In the first chapter of the Gospel of John, a chapter utterly amazing from its very first verse, we have, among much else, the story of Christ’s calling of his first disciples (apostles).
Two of them did some of the greatest work of their lives right then. Andrew went and told his brother Peter about Jesus and, literally, brought him to Christ, saying, “We have found the Messiah!” And when Jesus, on the next day, himself calls Philip (who was, like Andrew and Peter, from Bethsaida), Philip then summons Nathanael to come and meet Jesus.
Remember Nathanael’s reaction? “Really!? Do you mean to tell me that anything good can come out of Nazareth, that dump of a town?” (My paraphrase.) “Come and see,” replies Philip.
As Nathanael is approaching Jesus, I see Christ looking up, smiling, eyes twinkling, and I’m reminded again why the disciples not only loved the Lord, they liked him intensely.
“Look here,” he grins through the words, “a true son of Israel! A man in whom there is no deceit—not a false bone in his body!” (my paraphrase, along with NIV, The Message, etc.). Many older versions say, “A man in whom there is no guile.”
What a fine compliment from anyone about anyone, but Jesus himself is giving this one: “I tell you, friends, here comes someone who is utterly honest, open, true, trustworthy, and good as gold! What you see is what you get, and what you get is genuinely good.”
That’s what Jesus said long ago about Nathanael. And that’s what I tell you right now about my friend Allen Ketchersid. Anyone who knew Allen would agree.
Many of Allen’s family and friends came together today in Bloomington, Indiana, to thank God for the faith-filled life of our friend, who passed away completely unexpectedly on May 16.
The Ketchersid and Shelburne clans share some amazing ties, deep friendships, and a common allegiance. My dad was Allen’s father’s teacher. Allen’s father, Eddy, was my teacher. Eddy was actually living in our family’s home in Amarillo when my surprising birth (Mom was 42) meant that I needed his room and kicked him out.
Among our two clans, the number of years of professional Christian ministry (beginning with both “patriarchs”) amounts to over 300 years. (I know. At first, I didn’t believe that number myself, but I’ve done the math multiple times.) Add to that many more years of other church leadership, service, and ministry. The parallels and ties between the families are rather astounding, and, no surprise, we are dear friends.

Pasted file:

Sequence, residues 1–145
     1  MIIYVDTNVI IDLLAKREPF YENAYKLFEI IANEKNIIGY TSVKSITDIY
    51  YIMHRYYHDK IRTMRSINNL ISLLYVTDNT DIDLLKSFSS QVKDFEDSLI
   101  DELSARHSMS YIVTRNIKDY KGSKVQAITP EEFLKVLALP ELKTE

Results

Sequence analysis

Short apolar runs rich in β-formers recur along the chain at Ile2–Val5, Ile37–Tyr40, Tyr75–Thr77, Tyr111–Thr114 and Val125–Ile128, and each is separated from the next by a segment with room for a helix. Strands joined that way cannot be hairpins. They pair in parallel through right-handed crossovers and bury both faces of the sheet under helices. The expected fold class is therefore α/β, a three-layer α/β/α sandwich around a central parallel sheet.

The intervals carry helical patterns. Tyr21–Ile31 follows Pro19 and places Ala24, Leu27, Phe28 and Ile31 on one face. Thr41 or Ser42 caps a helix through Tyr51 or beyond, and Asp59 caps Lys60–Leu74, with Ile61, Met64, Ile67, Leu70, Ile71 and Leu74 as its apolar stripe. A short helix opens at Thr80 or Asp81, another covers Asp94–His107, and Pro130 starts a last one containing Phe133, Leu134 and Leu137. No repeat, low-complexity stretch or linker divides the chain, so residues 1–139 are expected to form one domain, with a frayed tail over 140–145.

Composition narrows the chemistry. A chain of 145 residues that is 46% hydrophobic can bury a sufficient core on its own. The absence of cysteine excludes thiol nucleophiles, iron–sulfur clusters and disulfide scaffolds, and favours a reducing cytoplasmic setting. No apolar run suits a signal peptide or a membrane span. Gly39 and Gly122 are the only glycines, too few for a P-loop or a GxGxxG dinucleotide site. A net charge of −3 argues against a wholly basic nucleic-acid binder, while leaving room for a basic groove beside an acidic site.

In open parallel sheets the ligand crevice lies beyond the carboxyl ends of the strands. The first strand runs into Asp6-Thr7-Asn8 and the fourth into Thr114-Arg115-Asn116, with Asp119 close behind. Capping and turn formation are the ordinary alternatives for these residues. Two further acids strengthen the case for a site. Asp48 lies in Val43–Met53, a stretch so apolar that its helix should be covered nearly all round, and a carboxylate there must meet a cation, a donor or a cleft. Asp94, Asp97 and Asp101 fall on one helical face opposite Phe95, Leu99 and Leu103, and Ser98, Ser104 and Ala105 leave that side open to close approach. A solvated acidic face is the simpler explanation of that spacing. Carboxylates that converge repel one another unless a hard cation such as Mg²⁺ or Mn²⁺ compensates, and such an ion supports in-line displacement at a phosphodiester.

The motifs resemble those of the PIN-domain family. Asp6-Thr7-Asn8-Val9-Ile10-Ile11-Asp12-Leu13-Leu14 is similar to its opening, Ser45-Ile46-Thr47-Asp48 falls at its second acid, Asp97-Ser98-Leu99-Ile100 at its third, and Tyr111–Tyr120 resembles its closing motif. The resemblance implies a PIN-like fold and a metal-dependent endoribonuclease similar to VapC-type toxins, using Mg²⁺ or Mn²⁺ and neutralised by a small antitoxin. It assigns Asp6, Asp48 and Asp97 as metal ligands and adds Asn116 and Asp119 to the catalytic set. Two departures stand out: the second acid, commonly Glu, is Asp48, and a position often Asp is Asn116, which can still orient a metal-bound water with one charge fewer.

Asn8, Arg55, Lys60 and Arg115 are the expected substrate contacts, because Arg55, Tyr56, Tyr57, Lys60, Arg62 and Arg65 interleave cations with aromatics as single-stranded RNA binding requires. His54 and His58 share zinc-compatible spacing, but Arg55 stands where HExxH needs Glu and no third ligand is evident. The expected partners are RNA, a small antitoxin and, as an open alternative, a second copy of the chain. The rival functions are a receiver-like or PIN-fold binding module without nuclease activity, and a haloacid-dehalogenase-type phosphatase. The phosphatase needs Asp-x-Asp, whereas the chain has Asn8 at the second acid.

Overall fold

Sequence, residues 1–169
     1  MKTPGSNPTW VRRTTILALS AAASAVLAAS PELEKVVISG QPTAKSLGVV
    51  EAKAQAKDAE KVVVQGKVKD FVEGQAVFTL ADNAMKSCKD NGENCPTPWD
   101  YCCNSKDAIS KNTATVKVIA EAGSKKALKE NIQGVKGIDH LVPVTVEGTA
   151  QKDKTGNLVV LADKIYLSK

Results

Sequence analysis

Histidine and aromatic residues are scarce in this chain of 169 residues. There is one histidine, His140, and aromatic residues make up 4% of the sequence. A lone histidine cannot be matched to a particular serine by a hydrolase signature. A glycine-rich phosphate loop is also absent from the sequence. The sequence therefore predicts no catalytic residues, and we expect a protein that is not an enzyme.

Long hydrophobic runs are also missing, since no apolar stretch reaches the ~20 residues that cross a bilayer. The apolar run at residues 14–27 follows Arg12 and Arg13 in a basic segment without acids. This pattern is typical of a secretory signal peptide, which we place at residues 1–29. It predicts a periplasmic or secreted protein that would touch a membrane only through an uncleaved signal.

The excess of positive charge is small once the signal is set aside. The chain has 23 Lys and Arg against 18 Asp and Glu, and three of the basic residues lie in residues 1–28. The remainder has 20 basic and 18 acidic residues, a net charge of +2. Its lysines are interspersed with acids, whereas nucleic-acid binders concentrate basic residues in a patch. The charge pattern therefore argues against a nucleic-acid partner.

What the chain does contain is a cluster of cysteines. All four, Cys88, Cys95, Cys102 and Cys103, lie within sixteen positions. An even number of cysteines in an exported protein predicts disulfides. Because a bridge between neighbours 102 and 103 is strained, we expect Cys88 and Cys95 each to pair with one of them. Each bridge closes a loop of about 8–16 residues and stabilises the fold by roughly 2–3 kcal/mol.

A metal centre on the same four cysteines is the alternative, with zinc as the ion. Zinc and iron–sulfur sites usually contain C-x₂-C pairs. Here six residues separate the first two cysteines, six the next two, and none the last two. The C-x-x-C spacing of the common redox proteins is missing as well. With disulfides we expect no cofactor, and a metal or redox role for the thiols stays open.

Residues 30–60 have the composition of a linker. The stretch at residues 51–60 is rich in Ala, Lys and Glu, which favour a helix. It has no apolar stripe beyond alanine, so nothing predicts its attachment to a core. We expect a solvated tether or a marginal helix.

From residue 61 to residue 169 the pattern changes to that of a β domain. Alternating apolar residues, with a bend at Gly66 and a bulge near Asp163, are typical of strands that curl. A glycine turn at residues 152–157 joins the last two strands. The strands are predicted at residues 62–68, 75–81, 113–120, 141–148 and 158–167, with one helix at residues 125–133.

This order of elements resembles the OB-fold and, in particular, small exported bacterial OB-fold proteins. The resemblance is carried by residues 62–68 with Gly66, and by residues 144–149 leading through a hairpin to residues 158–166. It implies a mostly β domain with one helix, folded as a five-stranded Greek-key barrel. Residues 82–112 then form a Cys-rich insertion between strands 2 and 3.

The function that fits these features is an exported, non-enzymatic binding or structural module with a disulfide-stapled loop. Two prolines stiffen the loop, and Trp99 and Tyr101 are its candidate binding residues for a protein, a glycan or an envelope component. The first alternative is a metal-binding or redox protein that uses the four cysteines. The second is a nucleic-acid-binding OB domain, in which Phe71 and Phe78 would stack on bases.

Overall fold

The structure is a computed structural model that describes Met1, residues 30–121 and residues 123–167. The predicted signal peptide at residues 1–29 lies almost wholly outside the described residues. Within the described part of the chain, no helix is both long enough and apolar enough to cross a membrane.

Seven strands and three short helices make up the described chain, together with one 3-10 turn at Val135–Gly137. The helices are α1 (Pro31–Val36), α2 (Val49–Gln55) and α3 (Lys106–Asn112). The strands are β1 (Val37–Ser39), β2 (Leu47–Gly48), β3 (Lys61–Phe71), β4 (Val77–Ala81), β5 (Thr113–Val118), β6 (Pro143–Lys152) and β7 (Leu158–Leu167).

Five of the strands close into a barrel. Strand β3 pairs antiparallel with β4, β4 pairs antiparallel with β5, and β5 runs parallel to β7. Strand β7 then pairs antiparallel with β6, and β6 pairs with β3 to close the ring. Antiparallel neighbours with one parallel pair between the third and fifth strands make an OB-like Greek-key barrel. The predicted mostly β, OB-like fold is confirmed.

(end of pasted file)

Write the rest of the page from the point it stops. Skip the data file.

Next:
I could go on. Life, real life, is about relationship, as Christ has taught us. What a blessing from God this relationship has been since before I was born.
Allen himself was one of the best men I have ever known—a fellow pastor, an incredibly esteemed colleague, an amazingly astute and wise leader. Utterly devoted to his Lord and his family, he was one of one of the best friends a person could ever have.
As I worked as a ministry “intern” with his father, we rode to college together. We laughed with each other and with each other’s siblings. We grew families, served churches, edited publications, and on I could go.
What a good man!
On the Monday that Allen died (a massive heart attack, it seems), his family and friends were in shock, but my wife and I drove, as planned, to Amarillo to attend a granddaughter’s kindergarten graduation planned for the next morning. (Oh, how Allen loved his grandchildren, too!)
I was driving to a grocery store, and I stopped behind a guy in a black SUV. On each corner of his back window, he’d carefully applied two decals (a matched set, I guess), each proclaiming in lewd words and stick figures (I apologize to you for this) his message to anyone following him: “____ U” and “____ It,” meaning the world, in general, I assume.
I wondered why anyone would go to such pains to show his hatred and disdain for everyone and everything. It angered me. Then saddened me. And I was already sad.
I don’t know what kind of wreckage that pathetic man in that SUV is leaving in his own life and the lives of everyone he touches. I can only imagine. And I guess he continues to spread it.
But I also know that people don’t have to live like that. As weak as we all often are, it is still possible to try every day to share love and friendship, truth and grace and mercy, and to honor the One who gave us the gift of life and hope by sharing that gift in a way that brings blessing and joy.
I know it’s possible. Allen did it.
Yes, you’d have liked him. A man as good as gold, not a false bone in his body.
Muleshoe Journal Correspondent